My dad built a two-story Cape Cod house in Texas in the 50’s which were non-existent at the time. The view from my desk overlooked 180 acres of Texas hills that could never be built on. I wrote my first stories here. Filled out my first tax return. And after the kids were born and we summered here with my parents, I typed “the end” on Hook here. Worked on Dracula, Contact, Atlas Shrugged, Muppet Treasure Island, Sahara and Crossbones in this special place. Also wrote my love poem to Texas here; an unproduced screenplay called “Restless Hearts.”
I loved coming to Texas and hiding out writing in my room into my late 60’s. After my parents died, I had to sell the property and say goodbye to another happy writing place. A true sanctuary full of family memories and ghosts of summers past.
And finally, in the hall of fame of happy writing places, THE CORNCRIB, a precursor to the barn, located in West Camp NY on the Hudson River where the kids were born, took their first steps, learned to play baseball, build snowmen, drank in MGM musicals on video and I became a paid professional writer.
I needed a sanctuary as the kids were young and wanted to play all day, and those of you who know me, would understand that I would willingly oblige.
The crib was 9×12. Had been a dog house, and was full of big brown Recluse spiders, ants, bugs, an occasional snake, but it had power and my old desk fit, and it was mine. A telephone line was added and a space heater and boombox. No TV and no such thing as wifi in the 1980s.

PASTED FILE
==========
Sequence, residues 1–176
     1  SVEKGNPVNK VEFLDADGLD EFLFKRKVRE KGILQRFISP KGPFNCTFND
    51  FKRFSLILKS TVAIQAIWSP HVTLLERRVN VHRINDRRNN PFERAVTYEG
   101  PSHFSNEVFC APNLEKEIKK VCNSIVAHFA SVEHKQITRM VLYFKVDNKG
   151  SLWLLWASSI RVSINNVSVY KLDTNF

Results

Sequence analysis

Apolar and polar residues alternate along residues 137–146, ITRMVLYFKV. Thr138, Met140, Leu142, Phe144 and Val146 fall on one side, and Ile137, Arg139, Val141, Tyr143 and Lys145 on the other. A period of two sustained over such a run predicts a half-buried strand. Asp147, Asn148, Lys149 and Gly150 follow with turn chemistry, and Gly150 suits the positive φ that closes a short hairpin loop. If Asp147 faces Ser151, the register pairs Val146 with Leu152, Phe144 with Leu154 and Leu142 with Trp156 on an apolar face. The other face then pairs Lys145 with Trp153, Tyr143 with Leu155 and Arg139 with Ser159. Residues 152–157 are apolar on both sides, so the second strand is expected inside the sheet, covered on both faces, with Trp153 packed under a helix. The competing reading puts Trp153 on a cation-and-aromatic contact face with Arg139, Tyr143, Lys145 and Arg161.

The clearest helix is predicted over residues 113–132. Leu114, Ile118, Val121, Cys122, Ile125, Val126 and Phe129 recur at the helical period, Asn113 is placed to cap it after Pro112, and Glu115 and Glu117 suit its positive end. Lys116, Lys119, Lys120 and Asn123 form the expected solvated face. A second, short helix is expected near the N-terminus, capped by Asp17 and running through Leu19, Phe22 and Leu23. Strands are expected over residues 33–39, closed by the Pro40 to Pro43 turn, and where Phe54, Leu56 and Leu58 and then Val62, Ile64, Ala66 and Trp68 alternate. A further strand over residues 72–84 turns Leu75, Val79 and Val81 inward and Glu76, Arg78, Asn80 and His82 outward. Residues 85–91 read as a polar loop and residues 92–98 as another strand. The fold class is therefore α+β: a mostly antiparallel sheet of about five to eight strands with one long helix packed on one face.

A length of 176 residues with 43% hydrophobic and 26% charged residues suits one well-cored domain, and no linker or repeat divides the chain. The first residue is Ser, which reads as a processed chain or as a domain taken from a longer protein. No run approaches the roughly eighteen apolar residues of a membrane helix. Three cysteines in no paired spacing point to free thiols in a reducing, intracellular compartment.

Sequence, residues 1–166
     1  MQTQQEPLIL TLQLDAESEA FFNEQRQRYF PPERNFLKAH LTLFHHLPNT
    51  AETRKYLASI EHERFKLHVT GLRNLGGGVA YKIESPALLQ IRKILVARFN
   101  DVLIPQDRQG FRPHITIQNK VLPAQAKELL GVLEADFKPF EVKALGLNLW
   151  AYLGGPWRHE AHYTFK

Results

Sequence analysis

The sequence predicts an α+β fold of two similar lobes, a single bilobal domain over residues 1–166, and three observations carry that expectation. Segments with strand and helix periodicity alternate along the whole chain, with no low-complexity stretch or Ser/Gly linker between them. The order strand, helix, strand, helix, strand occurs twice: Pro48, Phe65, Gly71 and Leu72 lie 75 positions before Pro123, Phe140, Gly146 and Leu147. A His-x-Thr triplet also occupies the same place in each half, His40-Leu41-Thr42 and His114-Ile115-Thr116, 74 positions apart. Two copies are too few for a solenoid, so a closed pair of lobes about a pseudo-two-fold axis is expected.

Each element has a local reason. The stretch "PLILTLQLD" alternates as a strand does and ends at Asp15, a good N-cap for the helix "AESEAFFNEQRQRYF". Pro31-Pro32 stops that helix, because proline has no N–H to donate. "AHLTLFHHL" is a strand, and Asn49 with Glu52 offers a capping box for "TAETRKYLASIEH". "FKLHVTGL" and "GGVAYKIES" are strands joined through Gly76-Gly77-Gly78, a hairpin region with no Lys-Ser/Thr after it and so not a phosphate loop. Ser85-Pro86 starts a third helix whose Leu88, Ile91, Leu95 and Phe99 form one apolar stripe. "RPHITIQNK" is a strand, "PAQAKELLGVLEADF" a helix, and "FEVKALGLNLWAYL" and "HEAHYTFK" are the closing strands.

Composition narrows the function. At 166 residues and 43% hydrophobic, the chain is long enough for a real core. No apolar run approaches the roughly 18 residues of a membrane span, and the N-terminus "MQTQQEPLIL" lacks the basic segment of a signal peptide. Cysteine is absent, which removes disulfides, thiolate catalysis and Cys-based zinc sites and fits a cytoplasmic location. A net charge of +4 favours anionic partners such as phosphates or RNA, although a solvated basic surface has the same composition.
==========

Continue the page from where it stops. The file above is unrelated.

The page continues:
To make a fun story for me shorter for you, I wrote the first script I was ever paid to write in the crib; “Gimme ‘N F!”, about my male cheerleader days, which was made into a bad girly dance flick that has a cult following. But, hey, I got paid and got produced.
I also wrote Contact and Muppet Treasure Island here in record snowfall. Brian Henson and his colleagues spent snowdays here working on the script. The crib served me well and was a happy place to write in winter, spring, summer, fall, with frequent visits from Jake and Julia [who now have writing/directing careers of their own] to come play or later to ask “how’s the script coming, Dad?”
And, they named our street after us. Hart Rd!
With each sanctuary and happy writing place I left behind, I was convinced there would never be another.
And then, after saying a woeful goodbye to THE BARN, the Universe spoke [insert Morgan Freeman voice here]
“YOU ARE THE BARN, DUMMY!”
Like dear Mate and Friend Bob Hoskins said in Hook, “I just had an apostrophe.”
FLASHBACK TO: THE FARMER’S MARKET – 1976
Top of Form
Bottom of Form
Now, if we had all had laptops back in the 70’s and 80’s, the Farmer’s Market would have been instantly converted into a happy writing place. I am never in the Farmer’s Market without my laptop and/or note book these days. I am never anywhere without it.
In fact, my happy writing place has become the world.
Any hotel room, any kitchen table or chair, airplane tray, airport lounge, park bench, bar stool, car, bus, train [my fave] can be a happy writing place.
WeWork, MySpace and other common work space enterprises now offer communal happy writing spaces based around the Farmer’s Market writer’s coffee clutch. Did someone say Starbucks? Peet’s Coffee? And – FREE WIFI!
Any coffee bar within 2 miles of Studio/Network offices is full of writers, writing, prepping pitches, having story meetings. There are sanctuaries and happy writing places everywhere that essentially eliminate your ability to make lame excuses about not writing.
I bring pics of my former happy writing places with me everywhere to channel that energy. And yes, I do have 2 permanent places I do like to write in; our apt in NY. My office is full of barn memories, and a cottage a dear friend allows us to stay in when in LA.
And, for the record, I have written this post flying at 36,000 feet, heading from NY to LA in my flying barn!
Wherever you go, wherever you write, “May THE BARN be with you.”
To be continued
36,000 feet above the Earth.